Clinton and Lovato drew a crowd of largely young women to the University of Iowa campus, where Lovato vouched for Clinton. After performing her hit song "Confident," Lovato said: "I don't think there's a woman more confident than Hillary Clinton."
For Clinton, who spoke for less than five minutes, the jabs from the day's earlier campaign events at Sanders were gone. The event was all about winning over that chunk of potential supporters in Iowa's February 1 caucuses -- particularly as Sanders leads her by a 51% to 43% margin, according to a new CNN/ORC poll
Clinton's campaign is worried about a split among female voters. Older women are solidly behind her, but younger women -- like younger people in general -- are more inclined to support Sanders.
The crowd Thursday night included young women who like Clinton and are excited about the historic nature of her candidacy.
"She's a really strong woman, and I'm really drawn to that," said Stephanie Schulz, a 20-year-old University of Iowa student.
Many, though, aren't quite in her camp just yet.
Emily Arvola, a senior elementary education major from Clinton, Iowa, said she's "torn between her and Bernie."
"The fact that she could be first woman president is so cool to me. It would be such a huge step," she said.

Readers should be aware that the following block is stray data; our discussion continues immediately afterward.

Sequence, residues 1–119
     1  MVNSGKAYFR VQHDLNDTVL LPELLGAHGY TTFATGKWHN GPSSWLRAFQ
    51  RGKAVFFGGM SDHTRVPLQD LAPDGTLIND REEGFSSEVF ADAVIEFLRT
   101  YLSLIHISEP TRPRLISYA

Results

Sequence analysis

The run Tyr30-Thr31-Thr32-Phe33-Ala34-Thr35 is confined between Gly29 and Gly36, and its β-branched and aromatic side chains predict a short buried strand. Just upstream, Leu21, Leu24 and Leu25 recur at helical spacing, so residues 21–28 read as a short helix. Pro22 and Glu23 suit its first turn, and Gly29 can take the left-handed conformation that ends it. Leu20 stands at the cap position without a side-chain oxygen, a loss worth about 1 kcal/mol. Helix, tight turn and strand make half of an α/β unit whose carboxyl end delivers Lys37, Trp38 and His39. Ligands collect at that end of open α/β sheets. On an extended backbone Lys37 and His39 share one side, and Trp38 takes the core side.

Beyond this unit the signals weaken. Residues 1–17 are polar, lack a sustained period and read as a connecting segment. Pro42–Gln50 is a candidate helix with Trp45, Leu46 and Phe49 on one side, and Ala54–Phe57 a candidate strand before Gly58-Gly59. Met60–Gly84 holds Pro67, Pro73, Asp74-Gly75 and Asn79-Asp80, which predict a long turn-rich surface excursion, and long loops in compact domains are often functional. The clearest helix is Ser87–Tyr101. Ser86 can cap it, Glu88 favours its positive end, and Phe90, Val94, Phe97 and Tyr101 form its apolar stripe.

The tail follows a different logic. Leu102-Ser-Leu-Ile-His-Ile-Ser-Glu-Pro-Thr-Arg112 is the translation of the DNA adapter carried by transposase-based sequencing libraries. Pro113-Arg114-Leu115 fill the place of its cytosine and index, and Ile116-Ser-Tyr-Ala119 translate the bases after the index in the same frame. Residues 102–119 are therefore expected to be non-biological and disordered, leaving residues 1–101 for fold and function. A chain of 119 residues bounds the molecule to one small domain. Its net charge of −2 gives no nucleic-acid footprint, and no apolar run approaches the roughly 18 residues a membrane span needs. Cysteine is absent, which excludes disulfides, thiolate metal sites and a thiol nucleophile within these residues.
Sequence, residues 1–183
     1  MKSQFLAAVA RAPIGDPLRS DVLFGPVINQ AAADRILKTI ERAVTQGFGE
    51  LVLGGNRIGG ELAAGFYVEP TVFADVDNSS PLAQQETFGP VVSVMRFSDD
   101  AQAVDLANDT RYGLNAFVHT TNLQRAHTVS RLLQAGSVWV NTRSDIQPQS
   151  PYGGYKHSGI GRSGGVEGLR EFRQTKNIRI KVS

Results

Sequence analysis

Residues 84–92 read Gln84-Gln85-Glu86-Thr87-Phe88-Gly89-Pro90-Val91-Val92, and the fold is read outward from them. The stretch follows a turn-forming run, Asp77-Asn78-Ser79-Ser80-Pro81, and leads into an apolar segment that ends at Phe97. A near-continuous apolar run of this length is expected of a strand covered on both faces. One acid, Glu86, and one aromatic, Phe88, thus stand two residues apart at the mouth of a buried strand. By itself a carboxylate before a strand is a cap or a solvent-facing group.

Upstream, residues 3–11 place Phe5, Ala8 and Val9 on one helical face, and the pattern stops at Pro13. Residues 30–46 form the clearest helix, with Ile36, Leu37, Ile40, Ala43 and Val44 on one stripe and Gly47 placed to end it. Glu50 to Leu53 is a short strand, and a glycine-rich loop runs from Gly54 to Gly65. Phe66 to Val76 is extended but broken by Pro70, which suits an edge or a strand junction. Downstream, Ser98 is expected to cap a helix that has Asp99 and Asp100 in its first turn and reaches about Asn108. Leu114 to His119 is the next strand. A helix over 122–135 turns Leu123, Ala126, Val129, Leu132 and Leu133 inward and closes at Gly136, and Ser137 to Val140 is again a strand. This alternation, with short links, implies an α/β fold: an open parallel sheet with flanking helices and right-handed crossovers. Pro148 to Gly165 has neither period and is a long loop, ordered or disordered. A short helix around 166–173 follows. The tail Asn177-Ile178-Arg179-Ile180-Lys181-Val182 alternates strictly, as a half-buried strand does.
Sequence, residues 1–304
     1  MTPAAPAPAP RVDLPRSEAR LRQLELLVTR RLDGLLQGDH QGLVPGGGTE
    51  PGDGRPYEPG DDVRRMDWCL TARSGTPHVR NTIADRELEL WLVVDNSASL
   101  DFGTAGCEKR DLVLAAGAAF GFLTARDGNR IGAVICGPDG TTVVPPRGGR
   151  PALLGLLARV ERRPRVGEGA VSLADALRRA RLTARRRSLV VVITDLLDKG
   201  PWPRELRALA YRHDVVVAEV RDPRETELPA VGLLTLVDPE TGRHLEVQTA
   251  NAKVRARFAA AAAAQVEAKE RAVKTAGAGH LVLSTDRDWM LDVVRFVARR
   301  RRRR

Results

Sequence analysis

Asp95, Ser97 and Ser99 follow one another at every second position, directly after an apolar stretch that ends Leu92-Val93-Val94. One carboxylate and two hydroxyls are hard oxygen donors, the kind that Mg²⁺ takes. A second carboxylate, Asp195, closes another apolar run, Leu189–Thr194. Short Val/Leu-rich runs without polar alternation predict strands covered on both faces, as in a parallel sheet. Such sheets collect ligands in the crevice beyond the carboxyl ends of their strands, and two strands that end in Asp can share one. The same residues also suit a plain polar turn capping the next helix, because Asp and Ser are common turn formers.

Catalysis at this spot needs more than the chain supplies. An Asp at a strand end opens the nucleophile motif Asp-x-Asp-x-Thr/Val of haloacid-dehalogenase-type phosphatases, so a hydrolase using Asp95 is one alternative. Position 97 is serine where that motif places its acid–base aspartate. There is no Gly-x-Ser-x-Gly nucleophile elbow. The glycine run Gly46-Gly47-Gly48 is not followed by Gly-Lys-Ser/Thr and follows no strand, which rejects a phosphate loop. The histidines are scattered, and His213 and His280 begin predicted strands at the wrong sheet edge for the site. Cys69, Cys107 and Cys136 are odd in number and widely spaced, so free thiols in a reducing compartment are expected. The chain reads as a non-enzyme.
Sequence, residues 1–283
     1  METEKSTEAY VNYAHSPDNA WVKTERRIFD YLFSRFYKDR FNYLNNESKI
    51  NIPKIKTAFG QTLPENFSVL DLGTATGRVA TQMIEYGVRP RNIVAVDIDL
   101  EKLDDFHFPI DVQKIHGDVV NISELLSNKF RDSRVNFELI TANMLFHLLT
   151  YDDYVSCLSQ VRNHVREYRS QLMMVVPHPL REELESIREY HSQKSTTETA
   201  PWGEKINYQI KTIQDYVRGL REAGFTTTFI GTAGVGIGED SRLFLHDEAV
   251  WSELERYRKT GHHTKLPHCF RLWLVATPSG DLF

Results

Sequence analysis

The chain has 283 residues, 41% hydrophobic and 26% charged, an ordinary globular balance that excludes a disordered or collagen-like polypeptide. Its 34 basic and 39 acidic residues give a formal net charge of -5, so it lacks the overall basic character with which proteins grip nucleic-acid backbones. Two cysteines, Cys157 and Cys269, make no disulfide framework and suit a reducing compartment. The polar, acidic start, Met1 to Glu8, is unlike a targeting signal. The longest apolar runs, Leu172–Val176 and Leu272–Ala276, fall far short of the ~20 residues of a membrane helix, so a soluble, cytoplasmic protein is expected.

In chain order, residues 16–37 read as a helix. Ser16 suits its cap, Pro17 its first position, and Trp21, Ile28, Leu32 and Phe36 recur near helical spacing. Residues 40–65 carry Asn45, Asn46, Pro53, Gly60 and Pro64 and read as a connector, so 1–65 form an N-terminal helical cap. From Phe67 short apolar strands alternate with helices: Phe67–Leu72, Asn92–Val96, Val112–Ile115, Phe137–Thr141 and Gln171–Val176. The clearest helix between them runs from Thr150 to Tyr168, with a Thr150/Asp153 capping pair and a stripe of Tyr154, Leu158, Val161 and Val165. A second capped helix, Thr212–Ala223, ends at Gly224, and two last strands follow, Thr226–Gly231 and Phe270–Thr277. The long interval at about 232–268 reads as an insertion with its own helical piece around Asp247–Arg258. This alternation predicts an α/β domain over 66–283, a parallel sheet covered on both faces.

Still: "He is just so passionate and I think the way he talks really just speaks to my age group. He is just so new," she said of Sanders.
Olivia Miller, a 20-year-old sophomore from Kansas City, Missouri, said she's leaning toward supporting Clinton and called Sanders "overhyped a little bit because I think that some of the issues he has been talking about are too socialist."
But, she said, many of her friends are Sanders supporters.
"Bernie is the new guy around, so people are voting for him. Bernie is a fresh face," Miller said.
Karly Sigmund, a 19-year-old freshman from Altoona, Iowa, said she doesn't even listen to Lovato -- she just wanted to see Clinton -- but she's still leaning toward supporting Sanders.
"I am leaning more towards Bernie but I have never heard anything that Hillary has to say besides the debates," Sigmund said.
Jennifer Aldrich, a 44-year-old fitness instructor in Iowa City, brought her 16-year-old daughter and her daughter's friend to see Clinton.
"This is a great opportunity for them to see what could be the first woman president -- and Demi Lovato, let's be real," she said.
Aldrich said "the fact that she's a woman and would be the first woman president is obviously appealing."
"I think she's a smart lady and I think she has a lot of experience and she could really do a lot of great things for us," she said.
But, she said, she's still considering caucusing for Sanders.